Magic mountain: strong lines and bold arches transform a California hillside
‘FIVE ACRES +/-. Old home,” was all the sign said. It was a cold, wet November evening on Sonoma Mountain, about an hour’s drive north of San Francisco, and it was growing dark. But my wife and I were tempted, and turned in for a look. The house and land were both old and derelict. Along with our disappointment at the state of the property, however, came the realization that we were never going to find paradise ready-made. The extent to which we would make our dream a reality would depend on our ability to transform what we were given. But was this the raw material?
Having decided that this was the place where we would live and stay, the process of transformation began. I immediately started drawing the lines and laying out the spaces. The orchard would be an essential element. We had room for a meadow and, of course, there was to be a real garden–not one of the “landscaped yards” I saw all around me, but a creation to involve, indulge, and reward us for the next 30 years. It would be a compilation of stored images–fragments of old gardens, memories of summer days at friends’ homes. But the garden grew from subliminal promptings as well as conscious memories. There was no Master Plan.
Our turn-of-the-century house sits at the edge of a meadow a thousand feet up the northeast face of the mountain, cradled between wooded slopes of oak, madrona, and bay. At this elevation we avoid the worst summer heat and the killing frosts of the valley below; and the climate allows gardeners to grow a sometimes stupefying wealth of plants–apples and oranges in the same orchard, perennials from the Canary Islands, tender roses, tree dahlias from Mexico. And yet there is enough frost to whiten the lawn and give flavor to the winter vegetables.
As with many country properties, the first issue to be addressed was what to keep of a mass of native trees and the remnants of an old garden. The 80-foot bays, which surrounded the house like guardsmen, the giant live oaks, mahogany-barked madronas, and the two towering redwoods were to stay and become the overspanning architecture for the garden below. An ancient fig tree, some large camellia bushes, and a huge fountain-shaped pyracantha (now draped with ‘Belle Portugaise’ and ‘Silver Moon’ roses) became starting points for the new borders, structural elements to pin them together. We also kept a pair of Persian lilacs and an old hybrid perpetual rose because they were nostalgic links with the garden that once was, and the people who lived here before.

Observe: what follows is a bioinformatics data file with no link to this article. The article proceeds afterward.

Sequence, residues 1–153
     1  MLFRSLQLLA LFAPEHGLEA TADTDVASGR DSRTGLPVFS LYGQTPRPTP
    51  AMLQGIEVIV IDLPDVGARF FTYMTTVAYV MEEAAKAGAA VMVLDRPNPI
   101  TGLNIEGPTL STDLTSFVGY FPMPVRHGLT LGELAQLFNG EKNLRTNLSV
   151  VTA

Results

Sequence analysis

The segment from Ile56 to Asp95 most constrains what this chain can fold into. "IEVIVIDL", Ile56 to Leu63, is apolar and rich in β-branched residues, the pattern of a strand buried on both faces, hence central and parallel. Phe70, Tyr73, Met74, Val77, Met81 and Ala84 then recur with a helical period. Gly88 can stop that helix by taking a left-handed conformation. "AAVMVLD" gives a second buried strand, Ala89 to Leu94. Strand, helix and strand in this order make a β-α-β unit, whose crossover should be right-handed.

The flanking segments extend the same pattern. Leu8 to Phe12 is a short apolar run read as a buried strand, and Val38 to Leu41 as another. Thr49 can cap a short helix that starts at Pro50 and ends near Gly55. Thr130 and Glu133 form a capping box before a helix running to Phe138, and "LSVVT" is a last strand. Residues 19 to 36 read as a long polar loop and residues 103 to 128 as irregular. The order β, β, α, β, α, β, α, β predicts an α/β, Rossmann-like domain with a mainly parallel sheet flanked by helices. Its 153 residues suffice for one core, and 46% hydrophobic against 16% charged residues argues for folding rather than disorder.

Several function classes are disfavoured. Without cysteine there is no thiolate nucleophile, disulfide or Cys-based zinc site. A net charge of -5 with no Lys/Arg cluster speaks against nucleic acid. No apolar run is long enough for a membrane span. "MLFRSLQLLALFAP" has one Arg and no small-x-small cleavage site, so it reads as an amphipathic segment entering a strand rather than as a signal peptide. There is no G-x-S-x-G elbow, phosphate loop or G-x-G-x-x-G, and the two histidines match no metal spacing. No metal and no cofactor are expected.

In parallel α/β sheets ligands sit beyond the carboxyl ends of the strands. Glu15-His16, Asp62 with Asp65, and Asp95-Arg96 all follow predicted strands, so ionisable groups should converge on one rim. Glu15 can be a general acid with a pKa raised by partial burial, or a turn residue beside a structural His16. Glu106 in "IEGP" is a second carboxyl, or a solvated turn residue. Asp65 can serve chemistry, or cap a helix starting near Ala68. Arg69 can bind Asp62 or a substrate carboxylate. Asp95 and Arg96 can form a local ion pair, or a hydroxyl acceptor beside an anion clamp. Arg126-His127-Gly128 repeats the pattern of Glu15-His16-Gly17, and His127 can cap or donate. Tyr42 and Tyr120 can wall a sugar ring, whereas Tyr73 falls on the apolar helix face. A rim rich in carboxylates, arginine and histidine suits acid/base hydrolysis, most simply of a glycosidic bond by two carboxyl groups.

Despite its 80 years on the spot and the assortment of trees spread about the property, the house lacked the essential connection to the earth that gives any structure a sense of belonging in the landscape. The walls dropped abruptly to the ground. You were either inside or out–there was no middle ground. And the outside was a mess of asphalt, Bermuda grass, and chain-link fences. All that was to go, as I extended the house out into the garden and introduced the garden to the house.
We built steps to sit on, arbors to sit under, and decks to link them and provide a transition between house and garden. In the process we allowed ample space for benches, for tables–to sit at and enjoy meals from the simple to the grand (a guest later wrote of the delight she felt at the sight of rose petals falling into her soup)–and for hammocks to nap in after a weekend lunch.
Then came the plantings to cover these structures and embower the space. We chose wisteria and roses–deciduous climbers that create dappled light and shade throughout the summer and then turn yellow and drop, letting the low light flood in and illuminate the inside of the house in the winter.
We trained the vines around the windows to make green friezes of backlit foliage and impart a sylvan, Pan-like feel to the interior of the house. We draped roses over railings and around bench backs, and let the trunks of wisterias wind around the porch posts, so that in time they would become a living support system for the house.
Next came the need for a protective envelope for the central space. This took the form of a series of wide borders encircling a level lawn, which itself wraps around two sides of the house. These borders, in turn, are backed by a curving, 120-foot-long rose pergola. Anchored at one end by a pair of redwoods that grow within the garden, the pergola leads the eye in a graceful and ordered progression toward a larger stand of redwoods across the road, visually binding together these two vertical features. At the far end it terminates in a massive arch hung with the blush white garlands of a pair of ‘Madame Alfred Carriere’ roses.